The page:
Robinson Delivers 13,000th Helicopter


Robinson Helicopter Company announced on Tuesday that it has delivered its 13,000th helicopter. The aircraft, an R44, went to Robinson dealer SKY Helicopters in Dallas, Texas, for its Part 135 air taxi and tour operations. The helicopter will be the 27th Robinson model in SKY’s fleet.

“Robinson Helicopter Company has a come a long way since 1979 when its first 2-place R22 was delivered,” the company said. “Fast forward 42 years, today’s Robinsons are offered in a multitude of sizes and configurations. Whether it is an R22, R44 or R66, Robinson helicopters continue to set the standard for reliability and remain the most cost-effective helicopter on the market.”

Robinson Helicopter Company was founded in 1973 by Frank Robinson. It’s R22 prototype flew for the first time in 1975 and the model received its FAA type certificate in March 1979. Along with the two-seat R22 and four-seat R44 piston models, Robinson manufactures and five-seat R66 turbine helicopter. The company’s 10,000th helicopter was produced in 2011.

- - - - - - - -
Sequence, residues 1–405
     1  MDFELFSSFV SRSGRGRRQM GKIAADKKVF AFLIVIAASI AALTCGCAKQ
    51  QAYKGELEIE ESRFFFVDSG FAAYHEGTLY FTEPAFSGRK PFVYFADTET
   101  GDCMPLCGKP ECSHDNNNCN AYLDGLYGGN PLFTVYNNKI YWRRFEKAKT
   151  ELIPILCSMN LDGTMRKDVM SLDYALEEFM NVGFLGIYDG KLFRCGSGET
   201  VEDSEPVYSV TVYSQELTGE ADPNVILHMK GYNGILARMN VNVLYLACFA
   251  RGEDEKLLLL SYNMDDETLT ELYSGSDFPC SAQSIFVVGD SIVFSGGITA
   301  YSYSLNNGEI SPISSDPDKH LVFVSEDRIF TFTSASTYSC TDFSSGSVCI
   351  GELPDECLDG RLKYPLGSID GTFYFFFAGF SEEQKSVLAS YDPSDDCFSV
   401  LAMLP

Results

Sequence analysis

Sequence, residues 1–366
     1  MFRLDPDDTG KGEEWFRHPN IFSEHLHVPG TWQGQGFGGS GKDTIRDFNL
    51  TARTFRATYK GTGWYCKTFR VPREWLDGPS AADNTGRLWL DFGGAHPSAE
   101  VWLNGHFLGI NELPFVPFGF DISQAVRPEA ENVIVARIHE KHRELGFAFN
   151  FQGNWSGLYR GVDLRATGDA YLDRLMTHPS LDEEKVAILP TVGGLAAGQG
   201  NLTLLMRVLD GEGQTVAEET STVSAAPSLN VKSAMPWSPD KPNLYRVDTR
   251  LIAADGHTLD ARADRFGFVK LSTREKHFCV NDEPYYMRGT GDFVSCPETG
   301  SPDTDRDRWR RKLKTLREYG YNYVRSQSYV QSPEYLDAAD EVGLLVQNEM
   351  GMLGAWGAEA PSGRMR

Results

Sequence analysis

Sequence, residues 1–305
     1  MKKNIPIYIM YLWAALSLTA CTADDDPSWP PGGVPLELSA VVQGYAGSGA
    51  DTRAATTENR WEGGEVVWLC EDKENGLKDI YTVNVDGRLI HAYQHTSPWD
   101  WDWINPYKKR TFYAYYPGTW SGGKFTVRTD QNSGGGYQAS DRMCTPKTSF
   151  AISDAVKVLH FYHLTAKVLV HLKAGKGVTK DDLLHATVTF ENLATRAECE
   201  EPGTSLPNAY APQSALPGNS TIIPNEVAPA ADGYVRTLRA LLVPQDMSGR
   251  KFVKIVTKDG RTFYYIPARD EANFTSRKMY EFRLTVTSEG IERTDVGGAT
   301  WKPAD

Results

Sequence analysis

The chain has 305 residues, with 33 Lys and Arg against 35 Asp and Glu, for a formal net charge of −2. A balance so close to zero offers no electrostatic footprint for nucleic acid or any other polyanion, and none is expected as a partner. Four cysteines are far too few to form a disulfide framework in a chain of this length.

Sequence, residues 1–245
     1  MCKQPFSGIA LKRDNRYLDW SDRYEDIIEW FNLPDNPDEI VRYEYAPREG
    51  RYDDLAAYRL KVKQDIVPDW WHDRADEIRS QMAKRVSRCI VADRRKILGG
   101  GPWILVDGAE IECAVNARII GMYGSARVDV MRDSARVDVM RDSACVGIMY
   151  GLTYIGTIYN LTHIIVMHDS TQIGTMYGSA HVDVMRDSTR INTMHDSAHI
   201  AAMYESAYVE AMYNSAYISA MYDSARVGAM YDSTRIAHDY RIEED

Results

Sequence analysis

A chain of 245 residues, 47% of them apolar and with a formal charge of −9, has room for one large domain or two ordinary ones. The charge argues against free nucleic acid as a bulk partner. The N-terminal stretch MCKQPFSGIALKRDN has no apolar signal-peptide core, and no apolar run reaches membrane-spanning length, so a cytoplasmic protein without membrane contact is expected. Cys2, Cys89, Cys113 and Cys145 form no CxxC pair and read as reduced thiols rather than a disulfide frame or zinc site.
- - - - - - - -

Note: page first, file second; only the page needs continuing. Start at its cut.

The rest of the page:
Kate O'Connor
Kate O’Connor works as AVweb's Editor-in-Chief. She is a private pilot, certificated aircraft dispatcher, and graduate of Embry-Riddle Aeronautical University.

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  1. No mention of its abysmal safety record in the early years from crappy manufacturing quality control leading to main blade delaminations and inadequate dealer and training supervision and assistance leading to common concatenations where crew after crew found themselves in a low rpm “coffin corner” and died with insufficient HP and torque to power out of it….until FAA took notice and issued lifesaving corrective ADs, urged warning systems, and Robinson belatedly increased engine power and made RPM Governors standard instead of optional.
    The R22 had 182 fatal accidents between March 1979 and June 2010 from a total of 1230 incidents. In late 1981, the R22 had its type certificate temporarily revoked by the Federal Aviation Administration. Fatal R22 accidents per 100,000 flight hours peaked at 6.0 in 1982 vs industry standards closer to point five which they approach today. And now you know the REST of the story.
    Anyway, IMHO and with all due respect to their inventor Leonardo da Vinci, helicopters are inherently dangerous and unnatural. Have you ever seen a bird with its wings spinning around and around over its head? Me neither. At best, a helicopter is thousands of individual moving parts flying in loose formation. Avoid them except for very limited specific tasks they perform best. Like killing tourists in Hawaii and at the Grand Canyon.